HERstory: Imaan Moosa
To EmpowHER's very own co-founder, 23-year-old Imaan Moosa bravely narrates HERstory on navigating her experience with what she later learns to be Major Depressive Disorder and Generalized Anxiety Disorder.
I was 13-years-old when it started. I remember feeling sad, but it was a different type of sad.
I can't recall how it happened exactly, but I know the sadness began gradually. I imagine it as an infection, spreading from one part of the body to another until the whole body is at risk of life-threatening complications.
Depression is a life-threatening illness. Nearly half of all deaths in South Africa in the 15 to 24-year-old age group are by suicide.
I read an article that reported stress disorders are tied to risk of life-threatening infections based on a study conducted at Karolinska Institute in Stockholm.
The study found that when people with stress disorders took certain antidepressant medications over the first year after their diagnosis, they were 19% less likely to develop life-threatening infections later on. Anxiety and depression are illnesses of the mind, yet they affect the body too.
Depression takes everything from you until there is nothing left. Depression can't be fixed with "Be grateful for what you have" and "The sadness will pass" bandaids. I can be grateful and still be sad. And sometimes the sadness doesn't pass, not for a very long time. Not until it takes your motivation, desires and will to live.
At the age of 13, my thoughts were dark and ugly. I didn't know what I was feeling but I had an idea. I read books that taught me the word d-e-p-r-e-s-s-i-o-n and Tumblr posts that gave voice to my feelings.
I've always had an overactive imagination and a part of me didn't believe it. What if I was making it all up? What if I built a home in my head and I was living in it? What if this feeling wasn't real?
Mental illness can't be seen because it is an ailment of the mind and because no one was able to see nor take care of my mental and emotional pain, I made myself physically ill. People are more likely to treat physical scars because they can see, and therefore believe, it to be indicators of disease and sickness.
My parents found out. They knew but I don't think they were ready to deal with it. I used to hold so much anger inside of me because of how I was dealt with.
Mental illness is a far less dangerous sickness than the sickness of ignorance and inaction that affects our communities. If the amount of time and effort that goes into ignoring, victimising and wishing away mental illness was spent listening to the problem, we might not wish so hard to be dead.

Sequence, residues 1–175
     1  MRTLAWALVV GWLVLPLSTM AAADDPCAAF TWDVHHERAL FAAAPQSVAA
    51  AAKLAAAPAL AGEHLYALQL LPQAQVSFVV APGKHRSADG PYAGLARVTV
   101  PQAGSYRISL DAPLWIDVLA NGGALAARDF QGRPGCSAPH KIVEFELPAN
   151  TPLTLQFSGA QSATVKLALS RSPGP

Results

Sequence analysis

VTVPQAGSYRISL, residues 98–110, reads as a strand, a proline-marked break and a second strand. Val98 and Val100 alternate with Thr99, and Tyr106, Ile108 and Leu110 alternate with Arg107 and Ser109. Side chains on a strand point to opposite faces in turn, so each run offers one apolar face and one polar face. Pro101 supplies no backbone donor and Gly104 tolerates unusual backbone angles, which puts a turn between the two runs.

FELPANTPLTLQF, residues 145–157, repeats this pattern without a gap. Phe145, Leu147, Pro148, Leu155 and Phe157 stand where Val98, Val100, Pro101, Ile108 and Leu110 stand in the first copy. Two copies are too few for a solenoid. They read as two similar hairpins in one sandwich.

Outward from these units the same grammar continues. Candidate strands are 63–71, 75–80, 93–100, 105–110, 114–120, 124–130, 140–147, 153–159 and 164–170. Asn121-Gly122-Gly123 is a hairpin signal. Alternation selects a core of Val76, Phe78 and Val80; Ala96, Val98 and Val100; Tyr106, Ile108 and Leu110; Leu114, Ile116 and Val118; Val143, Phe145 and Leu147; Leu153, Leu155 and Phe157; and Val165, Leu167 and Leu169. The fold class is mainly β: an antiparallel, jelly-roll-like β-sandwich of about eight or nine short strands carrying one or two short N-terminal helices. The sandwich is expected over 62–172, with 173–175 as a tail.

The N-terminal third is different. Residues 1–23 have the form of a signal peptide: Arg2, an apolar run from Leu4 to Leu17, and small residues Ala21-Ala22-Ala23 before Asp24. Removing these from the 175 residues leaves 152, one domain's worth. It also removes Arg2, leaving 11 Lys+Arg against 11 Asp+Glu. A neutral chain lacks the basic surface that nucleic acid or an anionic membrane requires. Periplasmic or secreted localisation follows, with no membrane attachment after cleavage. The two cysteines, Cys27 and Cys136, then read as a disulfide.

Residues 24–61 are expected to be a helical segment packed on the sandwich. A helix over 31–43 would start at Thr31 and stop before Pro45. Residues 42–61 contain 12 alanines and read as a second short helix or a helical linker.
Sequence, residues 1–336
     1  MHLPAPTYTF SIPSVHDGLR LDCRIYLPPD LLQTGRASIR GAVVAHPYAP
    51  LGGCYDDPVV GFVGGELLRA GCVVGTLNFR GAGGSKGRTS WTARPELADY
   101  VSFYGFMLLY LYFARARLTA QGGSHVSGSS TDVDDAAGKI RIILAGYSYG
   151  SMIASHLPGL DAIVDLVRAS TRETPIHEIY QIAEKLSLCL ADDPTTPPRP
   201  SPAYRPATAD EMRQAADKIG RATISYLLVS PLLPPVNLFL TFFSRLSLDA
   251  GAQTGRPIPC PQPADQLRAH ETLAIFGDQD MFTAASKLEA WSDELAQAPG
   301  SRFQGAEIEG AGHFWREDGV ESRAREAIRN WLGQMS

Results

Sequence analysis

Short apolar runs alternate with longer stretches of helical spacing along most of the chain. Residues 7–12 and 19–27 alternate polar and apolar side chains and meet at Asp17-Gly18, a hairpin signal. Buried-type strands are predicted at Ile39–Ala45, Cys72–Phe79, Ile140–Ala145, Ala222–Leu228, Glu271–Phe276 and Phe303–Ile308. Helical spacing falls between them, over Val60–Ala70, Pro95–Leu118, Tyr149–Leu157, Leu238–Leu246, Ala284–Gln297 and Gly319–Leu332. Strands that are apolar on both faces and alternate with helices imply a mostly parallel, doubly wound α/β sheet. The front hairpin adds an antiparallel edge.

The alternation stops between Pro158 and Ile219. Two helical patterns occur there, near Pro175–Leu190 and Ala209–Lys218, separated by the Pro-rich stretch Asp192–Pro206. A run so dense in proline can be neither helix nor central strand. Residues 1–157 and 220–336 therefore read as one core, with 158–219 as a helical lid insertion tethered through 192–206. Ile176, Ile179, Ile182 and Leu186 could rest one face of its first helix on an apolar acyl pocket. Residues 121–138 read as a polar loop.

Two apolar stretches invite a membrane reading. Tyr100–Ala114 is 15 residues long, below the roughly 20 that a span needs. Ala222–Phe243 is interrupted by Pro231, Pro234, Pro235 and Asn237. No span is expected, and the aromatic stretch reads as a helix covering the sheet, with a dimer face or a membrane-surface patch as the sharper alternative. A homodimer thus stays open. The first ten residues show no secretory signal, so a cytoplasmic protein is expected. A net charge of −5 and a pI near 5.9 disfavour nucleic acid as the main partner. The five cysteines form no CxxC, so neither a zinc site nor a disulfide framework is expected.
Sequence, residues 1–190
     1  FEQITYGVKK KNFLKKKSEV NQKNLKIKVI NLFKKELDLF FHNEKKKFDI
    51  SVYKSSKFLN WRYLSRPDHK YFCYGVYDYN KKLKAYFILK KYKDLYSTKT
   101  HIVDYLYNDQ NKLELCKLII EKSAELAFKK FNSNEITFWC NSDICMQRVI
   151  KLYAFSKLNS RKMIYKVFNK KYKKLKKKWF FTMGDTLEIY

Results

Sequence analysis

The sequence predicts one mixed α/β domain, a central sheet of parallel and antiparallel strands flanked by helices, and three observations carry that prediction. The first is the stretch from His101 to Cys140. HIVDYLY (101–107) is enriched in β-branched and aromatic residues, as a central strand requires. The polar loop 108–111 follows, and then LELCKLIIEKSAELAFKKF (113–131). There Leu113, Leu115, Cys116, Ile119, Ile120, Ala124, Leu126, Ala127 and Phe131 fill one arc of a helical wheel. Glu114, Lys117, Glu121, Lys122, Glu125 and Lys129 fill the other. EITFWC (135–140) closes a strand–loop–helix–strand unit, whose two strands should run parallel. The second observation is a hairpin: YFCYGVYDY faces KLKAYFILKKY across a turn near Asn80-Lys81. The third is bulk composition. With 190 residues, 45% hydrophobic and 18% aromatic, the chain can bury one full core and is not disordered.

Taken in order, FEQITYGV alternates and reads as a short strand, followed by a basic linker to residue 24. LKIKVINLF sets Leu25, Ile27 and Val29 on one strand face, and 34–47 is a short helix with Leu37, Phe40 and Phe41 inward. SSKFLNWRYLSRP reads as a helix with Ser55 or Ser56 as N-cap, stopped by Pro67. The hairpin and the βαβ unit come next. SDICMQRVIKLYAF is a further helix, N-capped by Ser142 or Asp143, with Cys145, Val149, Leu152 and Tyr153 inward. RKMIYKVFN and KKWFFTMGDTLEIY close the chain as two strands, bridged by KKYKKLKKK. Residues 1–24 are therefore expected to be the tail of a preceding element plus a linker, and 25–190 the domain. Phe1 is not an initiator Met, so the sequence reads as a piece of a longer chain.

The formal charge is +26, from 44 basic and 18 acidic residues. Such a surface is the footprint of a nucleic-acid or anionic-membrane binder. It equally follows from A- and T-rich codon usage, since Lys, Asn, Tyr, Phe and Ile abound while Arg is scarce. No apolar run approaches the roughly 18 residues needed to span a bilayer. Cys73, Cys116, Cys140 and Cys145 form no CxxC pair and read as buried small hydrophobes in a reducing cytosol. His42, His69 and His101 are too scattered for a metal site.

I asked for help because I wanted to get better. I wanted to see myself when I looked in the mirror, not the illness dressed up as me. I wanted so badly to feel something.
Without the appropriate help from a trained medical professional, the voice convincing me to take one tablet too many was just as loud as the unsaid words when a grownup chose to look the other way.
I don't blame them anymore. My mother fought for me to be here, and I think that seeing her child hurting scared her. Maybe if she pretended I was okay and prayed hard enough, I would be fine. I'm a fighter after all.
I was born at four months premature weighing 740 grams. My mother's pregnancy was going to be terminated because she had pre-eclampsia. But she insisted on birthing me, even though my chances of surviving delivery, and then the night and the next week were nought.
My father says I was the size of his palm and my body mass was the same as a block of margarine. My parents say I am their miracle. My family reminds me that I am a fighter.
I was born fighting. Everyone fights for their lives in one way or another. I fight a mental illness every day to be here, standing and alive. But I get tired sometimes and I think that's what took my parents longer to understand.
Depression makes you tired; it tells you that you have been fighting for so long and wouldn't it be nice to stop? My parents didn't let me quit, though. My mother entered the ring again to fight for me to stay.
I am 23-years-old now and I'm receiving the professional help I have long since asked for. I was diagnosed last year with Major Depressive Disorder and Generalised Anxiety Disorder.
I see a psychologist once a week and a psychiatrist every three months. I am on multiple medications for depression and anxiety, and medication that helps me sleep at night. I am practising mindfulness to ground myself when I am having a panic attack or in a bad depression.
My progress is monitored by how I manage my depression and anxiety. Some days are harder than others, and I think that's the point. I don't think mental illness is meant to be won. It is a series of lifelong battles you fight against yourself every day.
Mental health cannot be measured using distance, where the finishing line marks the success of when you will be 'better', 'cured' or 'fixed'. You don't need to be fixed and there are no cures for mental health disorders. But you can learn to manage the illness.
I am proud to say the last episode I had was eight months ago. Eight months ago today I didn’t see value in myself. I would get full on the affection and praise from teachers, accomplishments, friends and family. I wanted so badly to be liked by others because I thought maybe they could make me like myself.
Yet, still, I have thought about not being here. I have tried to cut my time short. Today, I have found a reason to stay.
When Allah was creating our souls in the Alim-e-arwah, He chose for me to be here. I am on this Earth because Al-Khaliq (الخالق) The Creator said, “Be, and it is.”
“It is Allah who brought you out of your mothers’ wombs knowing nothing, and gave you hearing and sight and hearts.” ― Quran, 16:78
- Imaan Moosa